Thursday, October 07, 2010

Batman: The Animated Series Re-Watch: Episode Eight: The Forgotten

Plot: Investigating the disappearance of homeless men, a disguised Bruce Wayne is knocked out. He wakes up in a prison camp with no idea where, or who, he is.

Stylistically, The Forgotten is a sharp change of pace for the Animated Series. From the harmonica opening, the sun-drenched, sweaty setting for most of the action, and the lack of a supervillain, the episode plays like an episode of something that'd be called "Cool Hand Bruce."

Set-up-wise, it's very similar to The Underdwellers, with a villain who exploits the weakest in society, trading orphan children for homeless men. But the Sewer King is a supervillain, with a costume and alligator henchmen. Boss Biggis (named only in the credits) is a disgusting, hypocritical human being who spits chicken flecks while complaining that his prisoners/slaves are too lazy, but otherwise employs traditional weapons like barbed-wire and guns.

And while Frog and the other orphans' origins are left unsaid, this episode concerns itself with how a whole segment of society could fall so low that they can disappear without most people knowing or caring. That's why we spend time learning about Salvo's backstory, and even Reilly, who was volunteering at the shelter and kidnapped by mistake, sounds like he could be one paycheck away from being on the street himself. The effect is to show Batman fighting a real problem, both as Bruce Wayne helping at the shelter, and as his crime fighter persona.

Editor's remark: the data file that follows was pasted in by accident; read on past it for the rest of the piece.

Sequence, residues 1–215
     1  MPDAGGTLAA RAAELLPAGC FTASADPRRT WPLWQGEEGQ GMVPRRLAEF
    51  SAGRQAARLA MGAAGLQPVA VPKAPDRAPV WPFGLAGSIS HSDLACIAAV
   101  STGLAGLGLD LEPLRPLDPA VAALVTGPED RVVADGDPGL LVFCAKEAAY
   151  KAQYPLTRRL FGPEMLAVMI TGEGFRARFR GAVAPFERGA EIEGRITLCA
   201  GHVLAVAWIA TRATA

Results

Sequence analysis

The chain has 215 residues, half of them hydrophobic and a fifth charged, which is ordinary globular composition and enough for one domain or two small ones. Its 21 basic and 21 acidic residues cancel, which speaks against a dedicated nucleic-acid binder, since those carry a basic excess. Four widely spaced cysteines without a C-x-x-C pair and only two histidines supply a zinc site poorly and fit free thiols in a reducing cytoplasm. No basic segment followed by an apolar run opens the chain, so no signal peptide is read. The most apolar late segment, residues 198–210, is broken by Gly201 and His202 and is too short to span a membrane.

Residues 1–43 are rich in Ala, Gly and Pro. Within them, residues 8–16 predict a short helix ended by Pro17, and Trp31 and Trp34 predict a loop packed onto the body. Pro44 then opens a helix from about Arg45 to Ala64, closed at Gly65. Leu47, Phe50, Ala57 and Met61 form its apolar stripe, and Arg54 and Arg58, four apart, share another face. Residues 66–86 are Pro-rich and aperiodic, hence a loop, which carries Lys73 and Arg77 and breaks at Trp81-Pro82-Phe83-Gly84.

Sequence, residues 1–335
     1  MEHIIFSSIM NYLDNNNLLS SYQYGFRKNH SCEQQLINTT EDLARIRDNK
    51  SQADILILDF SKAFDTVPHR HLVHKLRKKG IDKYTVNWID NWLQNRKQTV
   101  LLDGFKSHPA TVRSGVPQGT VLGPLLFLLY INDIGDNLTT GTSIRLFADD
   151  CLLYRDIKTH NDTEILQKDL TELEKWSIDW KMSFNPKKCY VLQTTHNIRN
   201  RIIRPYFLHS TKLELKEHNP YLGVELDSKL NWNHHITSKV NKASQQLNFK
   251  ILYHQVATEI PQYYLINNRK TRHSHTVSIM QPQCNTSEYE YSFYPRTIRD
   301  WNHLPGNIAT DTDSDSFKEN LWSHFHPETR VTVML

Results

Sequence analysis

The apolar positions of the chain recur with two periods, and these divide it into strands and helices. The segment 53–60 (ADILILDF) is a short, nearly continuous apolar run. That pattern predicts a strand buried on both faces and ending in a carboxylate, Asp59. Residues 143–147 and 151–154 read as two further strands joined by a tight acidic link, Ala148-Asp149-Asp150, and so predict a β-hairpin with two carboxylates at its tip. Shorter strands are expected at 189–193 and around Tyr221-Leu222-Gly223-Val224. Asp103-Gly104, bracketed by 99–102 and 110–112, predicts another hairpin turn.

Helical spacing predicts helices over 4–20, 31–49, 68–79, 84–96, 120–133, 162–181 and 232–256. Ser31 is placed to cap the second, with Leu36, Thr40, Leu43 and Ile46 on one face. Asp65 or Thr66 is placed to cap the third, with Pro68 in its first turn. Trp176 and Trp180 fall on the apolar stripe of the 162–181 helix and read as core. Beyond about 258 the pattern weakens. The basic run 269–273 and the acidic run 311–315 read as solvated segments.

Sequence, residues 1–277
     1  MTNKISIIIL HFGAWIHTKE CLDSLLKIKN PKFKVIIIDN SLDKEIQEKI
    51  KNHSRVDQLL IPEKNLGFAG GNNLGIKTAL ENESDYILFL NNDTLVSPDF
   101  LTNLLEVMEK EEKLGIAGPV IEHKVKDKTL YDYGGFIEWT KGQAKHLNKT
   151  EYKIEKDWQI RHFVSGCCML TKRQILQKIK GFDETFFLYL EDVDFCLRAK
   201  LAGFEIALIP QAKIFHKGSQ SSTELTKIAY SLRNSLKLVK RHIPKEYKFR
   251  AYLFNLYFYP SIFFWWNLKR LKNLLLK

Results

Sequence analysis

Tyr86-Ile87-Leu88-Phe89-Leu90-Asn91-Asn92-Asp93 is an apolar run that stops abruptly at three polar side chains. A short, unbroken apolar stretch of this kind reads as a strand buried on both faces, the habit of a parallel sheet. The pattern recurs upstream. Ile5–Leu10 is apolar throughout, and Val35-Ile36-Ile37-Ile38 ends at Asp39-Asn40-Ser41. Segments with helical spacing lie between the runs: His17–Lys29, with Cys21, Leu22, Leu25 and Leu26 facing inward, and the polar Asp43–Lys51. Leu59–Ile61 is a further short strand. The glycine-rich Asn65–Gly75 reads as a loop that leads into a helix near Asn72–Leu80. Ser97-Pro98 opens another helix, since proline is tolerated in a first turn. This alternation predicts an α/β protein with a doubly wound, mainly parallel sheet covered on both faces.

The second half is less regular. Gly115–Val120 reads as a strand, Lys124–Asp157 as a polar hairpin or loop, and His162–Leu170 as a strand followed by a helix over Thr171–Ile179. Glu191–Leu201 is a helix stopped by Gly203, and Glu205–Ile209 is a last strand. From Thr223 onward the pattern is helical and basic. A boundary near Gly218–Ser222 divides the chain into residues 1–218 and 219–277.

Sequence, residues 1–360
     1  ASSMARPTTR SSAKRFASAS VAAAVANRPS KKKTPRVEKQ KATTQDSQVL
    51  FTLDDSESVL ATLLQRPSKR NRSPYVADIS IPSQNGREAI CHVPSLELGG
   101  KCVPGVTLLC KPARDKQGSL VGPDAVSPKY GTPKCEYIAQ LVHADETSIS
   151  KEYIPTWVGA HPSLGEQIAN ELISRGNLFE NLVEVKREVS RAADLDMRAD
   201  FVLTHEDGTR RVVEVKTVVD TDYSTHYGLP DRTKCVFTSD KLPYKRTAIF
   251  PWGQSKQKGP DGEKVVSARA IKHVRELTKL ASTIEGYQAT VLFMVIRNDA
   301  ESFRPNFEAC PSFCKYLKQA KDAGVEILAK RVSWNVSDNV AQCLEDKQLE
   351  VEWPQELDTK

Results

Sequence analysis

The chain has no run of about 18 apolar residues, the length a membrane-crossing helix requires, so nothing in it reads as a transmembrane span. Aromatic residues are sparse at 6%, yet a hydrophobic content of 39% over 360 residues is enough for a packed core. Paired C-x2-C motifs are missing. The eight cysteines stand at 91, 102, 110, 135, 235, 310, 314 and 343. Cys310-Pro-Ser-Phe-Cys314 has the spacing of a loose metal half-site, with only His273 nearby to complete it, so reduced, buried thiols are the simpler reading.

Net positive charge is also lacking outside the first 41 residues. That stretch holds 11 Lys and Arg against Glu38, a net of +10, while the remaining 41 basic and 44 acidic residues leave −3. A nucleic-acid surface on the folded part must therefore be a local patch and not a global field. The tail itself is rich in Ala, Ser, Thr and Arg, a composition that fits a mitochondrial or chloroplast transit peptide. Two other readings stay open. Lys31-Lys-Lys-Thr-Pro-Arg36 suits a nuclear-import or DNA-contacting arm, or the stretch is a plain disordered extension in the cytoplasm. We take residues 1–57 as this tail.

Hence, I have a real problem with this plot hinging on the hoary cliche of concussion-induced amnesia, even if it does lead to some trippy visuals as Bruce Wayne puts his personality back together from fragments (and for a show that was never supposed to be about Bruce's origins, the Waynes have appeared in one out of four episodes so far, which is as many as the Joker).

Amnesia is such lazy writing, that handicaps the hero in a way that wouldn't actually work if you thought about it (wouldn't he lose motor skills along with his memories?). Maybe it's supposed to give Bruce time to bond with Salvo and Reilly before escaping, but Bruce could have just as easily just been trying to stay in-character while he waited for Alfred to show up, or actually handicapped with a broken-leg, or something besides stupid, stupid amnesia.

(At least when the new Batman: The Brave and the Bold cartoon did the same plot, Bruce loses his memory while in disguise,  it led to a song and dance number.)

There are some good elements around the stupid, stupid amnesia. The painters do a fine job with the warmer color palate the sunny desert setting provides, and Shirley Walker shifts the score to the prison movie mood while still remaining in the Animated Series ouvre. And it's fun seeing both Batman and Alfred act as detective.

Alfred definitely shines in the episode, rolling around a scrap yard in his butler tux, and flying the Batwing to the rescue (and Bruce's surprise). I think it's hilarious that Alfred thinks to change out of his tuxedo when flying a plane, but still wears a bow-tie, and that he apparently set the computer to "snarky", which actually says "Your funeral" in response to the order to land.

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